No parent wants their child to be addicted to drugs or alcohol, but addiction is a disease that can affect young children and teens. When your teen suffers from addiction, it’s important that you get them the help they need in order to beat it and start living a healthy life. Learn what you can do to help your child deal with drug addiction.
Know there’s a problem.
Unfortunately many parents are in the dark when their child is addicted, and this can allow the disease to spiral completely out of control. This is why it’s very important that you are involved in your teen’s life and that you pay attention for signs of addiction. If you notice that your teen is not acting like themselves, you can better determine if there’s a problem. For example, if your child suffers from mood swings, spirals from bouts of energy to constant sleep, or if you find a substance, you can be sure there’s a problem that needs to be addressed. Always be on the lookout for warning signs so that you can catch the disease early.
Talk with your child.
Talking with teens may not be easy, but it’s extremely important. If you believe your teen is addicted to a substance, you need to talk with them. Do not accuse them of being addicted or threaten them with harm if they don’t honestly tell you what’s going on. Instead, remain calm and openly talk about substance abuse and the negative impact it can have. You should also remind your child that you are always here for them to talk to or to help with any issues. Sometimes just knowing that you care is enough to get them to open up.
Talk with teachers.
If you believe there’s a problem, talk with your child’s teacher or social worker. Oftentimes teachers can provide you with information or proof to back your claim. For example, if a student’s grade starts falling or if a child is being erratic in class, it could be a sign that there’s an issue. Teachers may also be able to tell you if your child started hanging out with a different group of people or if they believe there’s an underlying issue. The teacher and social worker can also work with you to help find a solution to the problem.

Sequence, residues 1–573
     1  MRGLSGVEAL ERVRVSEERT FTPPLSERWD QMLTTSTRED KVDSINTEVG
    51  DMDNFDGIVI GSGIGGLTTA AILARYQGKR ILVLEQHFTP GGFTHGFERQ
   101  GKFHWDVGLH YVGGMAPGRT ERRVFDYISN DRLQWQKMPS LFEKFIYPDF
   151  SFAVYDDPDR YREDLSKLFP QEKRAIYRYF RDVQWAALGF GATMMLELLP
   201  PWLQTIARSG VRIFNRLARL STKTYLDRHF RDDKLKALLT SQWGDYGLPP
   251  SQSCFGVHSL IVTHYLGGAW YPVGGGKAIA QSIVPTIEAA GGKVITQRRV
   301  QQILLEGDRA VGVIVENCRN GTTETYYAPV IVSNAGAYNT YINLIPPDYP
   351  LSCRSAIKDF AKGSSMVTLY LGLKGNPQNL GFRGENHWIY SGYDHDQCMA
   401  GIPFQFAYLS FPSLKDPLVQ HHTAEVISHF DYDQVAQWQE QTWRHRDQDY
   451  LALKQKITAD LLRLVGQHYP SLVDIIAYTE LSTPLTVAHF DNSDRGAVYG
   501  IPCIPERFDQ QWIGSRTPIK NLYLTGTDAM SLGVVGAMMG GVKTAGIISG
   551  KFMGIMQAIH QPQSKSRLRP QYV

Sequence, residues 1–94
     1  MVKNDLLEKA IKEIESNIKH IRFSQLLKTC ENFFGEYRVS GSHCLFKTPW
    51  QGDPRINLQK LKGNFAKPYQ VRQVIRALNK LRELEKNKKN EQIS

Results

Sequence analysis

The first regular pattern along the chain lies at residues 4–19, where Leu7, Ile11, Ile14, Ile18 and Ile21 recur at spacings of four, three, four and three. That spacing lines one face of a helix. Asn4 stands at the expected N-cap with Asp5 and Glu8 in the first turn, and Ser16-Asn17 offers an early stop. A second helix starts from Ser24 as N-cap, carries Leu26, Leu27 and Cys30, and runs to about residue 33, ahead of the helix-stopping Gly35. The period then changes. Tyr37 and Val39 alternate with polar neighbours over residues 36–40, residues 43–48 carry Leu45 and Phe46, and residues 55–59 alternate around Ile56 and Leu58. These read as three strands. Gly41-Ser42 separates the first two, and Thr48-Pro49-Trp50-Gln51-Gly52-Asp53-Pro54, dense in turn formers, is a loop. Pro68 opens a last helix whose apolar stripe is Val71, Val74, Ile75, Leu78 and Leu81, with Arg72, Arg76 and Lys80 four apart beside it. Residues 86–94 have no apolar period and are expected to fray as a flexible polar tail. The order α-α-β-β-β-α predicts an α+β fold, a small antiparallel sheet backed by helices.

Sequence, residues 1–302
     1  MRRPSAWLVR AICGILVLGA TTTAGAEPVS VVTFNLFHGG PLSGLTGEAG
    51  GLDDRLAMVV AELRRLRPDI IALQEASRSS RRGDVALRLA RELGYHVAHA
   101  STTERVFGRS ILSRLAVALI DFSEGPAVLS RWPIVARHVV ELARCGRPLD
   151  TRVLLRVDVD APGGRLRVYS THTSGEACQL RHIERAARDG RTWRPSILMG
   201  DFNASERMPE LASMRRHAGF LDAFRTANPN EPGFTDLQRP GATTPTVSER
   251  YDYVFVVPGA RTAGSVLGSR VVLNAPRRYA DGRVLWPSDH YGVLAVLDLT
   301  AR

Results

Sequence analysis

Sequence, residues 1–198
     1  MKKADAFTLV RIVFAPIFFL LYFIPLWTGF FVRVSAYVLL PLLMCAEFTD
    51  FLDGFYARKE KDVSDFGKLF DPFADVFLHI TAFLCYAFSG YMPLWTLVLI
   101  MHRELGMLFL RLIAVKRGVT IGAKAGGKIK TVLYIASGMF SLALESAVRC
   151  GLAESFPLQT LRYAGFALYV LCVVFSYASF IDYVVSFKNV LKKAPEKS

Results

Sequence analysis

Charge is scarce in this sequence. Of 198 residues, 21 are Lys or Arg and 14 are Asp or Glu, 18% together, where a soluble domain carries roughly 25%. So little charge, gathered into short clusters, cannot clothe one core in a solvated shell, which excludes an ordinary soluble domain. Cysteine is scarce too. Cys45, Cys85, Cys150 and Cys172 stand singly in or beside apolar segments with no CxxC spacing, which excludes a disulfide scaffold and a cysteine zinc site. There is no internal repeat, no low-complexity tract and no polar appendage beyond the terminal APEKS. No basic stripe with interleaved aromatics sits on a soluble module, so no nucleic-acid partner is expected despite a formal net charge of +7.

Seek professional help.
It may be hard to do, but seeking professional help is the best option. Teams of professionals have sprung up across the country. Using new rehab techniques that diverge from traditional 12 step programs founded through Alcoholics Anonymous.Referred to as ambulatory detox, it can be a great assistance when it comes to helping teens overcome their addiction. Programs can vary from outpatient to inpatient, so choose the one that would best fit your teen’s needs. Although you may hate having to go through it, knowing your helping your child is the most important thing.
Help create a sober environment.
Once your child has received professional help, they will still need help ensuring they don’t relapse. You can do this by providing a sober environment. Remove any substances from your own home. Get your child involved in activities that will keep them occupied, such as working with a local charity. And simply make sure you’re involved and looking for signs of relapse. The more you can do for your child, the brighter his or her future may be.